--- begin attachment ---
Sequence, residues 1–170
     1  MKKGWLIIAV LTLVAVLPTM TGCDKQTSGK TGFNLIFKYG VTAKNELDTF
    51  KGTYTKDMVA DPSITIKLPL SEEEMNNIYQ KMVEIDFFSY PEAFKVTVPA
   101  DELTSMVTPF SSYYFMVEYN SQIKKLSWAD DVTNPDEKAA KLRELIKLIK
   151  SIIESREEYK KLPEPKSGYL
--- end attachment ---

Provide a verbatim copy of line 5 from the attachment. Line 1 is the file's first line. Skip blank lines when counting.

   151  SIIESREEYK KLPEPKSGYL